The baby boomer demographic has long been the sought after segment for nearly all brands and retailers. This is with good reason, as they make up slightly more than a quarter of the U.S. population, but control over 70% of the total net worth of American households. However, it’s expected that by 2017 Millennials will likely be outspending the Baby Boomers.
While companies in industries ranging from CPG to tech and everything in between clamor to become the darlings of this fast growing demographic, it still remains the most nuanced and least understood audience. Particularly hard hit by the recession compared to Gen X or Baby Boomers, and armed with the latest informational technology, they’re not only frugal, but very savvy shoppers. In pursuit of a shopping experience that is social and enjoyable, Millennials not only value the ability of a retailer to make them smile 33% more than the Baby Boomers, but also seek a store that is fun to shop 43% of the time.
In order to understand this elusive segment of the population, and entice them to purchase, retailers can take a two-pronged approach. First, connect with the Millennials through their preferred medium: mobile devices. Second, have in-store packaging that correlates with their beliefs and values.
The physical clipping of coupons from weekly flyers may be a thing of the past, but its modern day iteration makes “couponing” trendy and more importantly, easy. From searching for promo codes online before making purchases, scouring daily deal sites like Groupon or Living Social, to loading up e-coupons through apps for grocery store chains like Ralph’s, Millennials are increasingly taking advantage of technology to shop smartly. It’s been reported that 96% of Millennials are using coupons today, and that 57% of Millennials report they use their smartphones to look for coupons while shopping for groceries.
The online presence of a brand is often the first point of contact between a company and the Millennial generation. Just like first impressions in person, an online first impression can make or break a potential relationship. This tech savvy generation is increasingly critical and studies show that 86% of Milllennials say there are still a lot of websites without good mobile functionality, and that 14% wouldn’t do business with a company that doesn’t have a mobile site or app.
Always plugged in and connected, 87% of this mobile generation admitted that their phones never leave their sides. In order to reach this generation, it’s crucial to connect with them where they spend most of their time.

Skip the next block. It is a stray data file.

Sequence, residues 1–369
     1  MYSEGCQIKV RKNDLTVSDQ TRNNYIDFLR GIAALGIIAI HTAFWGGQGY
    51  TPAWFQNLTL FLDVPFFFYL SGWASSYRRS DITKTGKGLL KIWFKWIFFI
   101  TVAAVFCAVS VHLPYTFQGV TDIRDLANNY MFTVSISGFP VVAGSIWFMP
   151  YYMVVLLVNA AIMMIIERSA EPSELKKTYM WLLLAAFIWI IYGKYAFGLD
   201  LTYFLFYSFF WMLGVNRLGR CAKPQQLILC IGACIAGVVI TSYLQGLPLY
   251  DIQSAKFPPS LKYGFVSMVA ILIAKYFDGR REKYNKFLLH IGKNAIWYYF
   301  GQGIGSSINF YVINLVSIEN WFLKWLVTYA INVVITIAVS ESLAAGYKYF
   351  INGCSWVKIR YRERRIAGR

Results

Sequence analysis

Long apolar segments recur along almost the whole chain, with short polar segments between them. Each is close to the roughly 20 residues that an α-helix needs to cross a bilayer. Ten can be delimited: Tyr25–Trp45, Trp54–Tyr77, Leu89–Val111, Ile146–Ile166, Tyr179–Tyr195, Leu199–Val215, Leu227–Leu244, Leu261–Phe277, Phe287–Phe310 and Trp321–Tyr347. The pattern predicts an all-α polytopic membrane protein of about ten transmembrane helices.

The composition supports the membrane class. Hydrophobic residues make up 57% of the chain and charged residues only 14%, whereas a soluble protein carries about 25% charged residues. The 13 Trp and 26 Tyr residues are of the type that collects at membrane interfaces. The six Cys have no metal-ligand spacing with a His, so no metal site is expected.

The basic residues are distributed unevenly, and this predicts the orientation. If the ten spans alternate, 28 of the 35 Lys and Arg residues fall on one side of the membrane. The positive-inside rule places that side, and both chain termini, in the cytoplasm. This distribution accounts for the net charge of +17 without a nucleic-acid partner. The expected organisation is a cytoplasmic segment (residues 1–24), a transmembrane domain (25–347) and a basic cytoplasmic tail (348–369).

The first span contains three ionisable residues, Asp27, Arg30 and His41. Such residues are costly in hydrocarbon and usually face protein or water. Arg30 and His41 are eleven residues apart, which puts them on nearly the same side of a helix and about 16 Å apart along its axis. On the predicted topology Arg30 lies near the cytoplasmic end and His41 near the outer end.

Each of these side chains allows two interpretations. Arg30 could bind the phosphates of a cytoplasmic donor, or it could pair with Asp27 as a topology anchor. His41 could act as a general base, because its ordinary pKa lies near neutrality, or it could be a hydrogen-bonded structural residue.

It’s an ever-evolving challenge to successfully target and engage Millennials, but there is still hope for brands and retailers. The piece that can unlock the puzzle of winning over this attention-challenged generation in the store comes in the form of product packaging. Nicknamed by some as “The Last 10 Seconds of Marketing,” well thought out and designed product packaging can give a brand the edge on the store shelf by attracting attention, and winning the sale.
Shifting cultural values and concerns regarding the impact consumerism has on the global environment means that the Millennials are prioritizing convenience, personal health, and overall environmental impact alongside the price of an item.
In the realm of food packaging, convenience is key for Millennials since they are much more likely than previous generations to use convenience foods that require minimal preparation. The average Millennial consumes almost one-third fewer meals annually that result in leftovers than adults in their late 30’s and 40’s. A high priority is placed on being able to prepare food quickly, clean up quickly, and not have to deal with the hassle of leftovers.
Out of sight, but perhaps not completely out of mind, Millennials are conscious of their ecological footprint when tossing out their convenient packaging and properly portioned easy meals. Prepared foods sold in cartons are experiencing double digit growth, in part thanks to the benefits this medium boasts over the traditional tin can including the ability to print more engaging designs, their light weight, resealability, and ease of storage. By making the switch from metallic packaging to paper cartons, Millennials feel that they’re choice is benefiting the environment, and with good measure, as cartons have a 70% smaller carbon footprint than cans.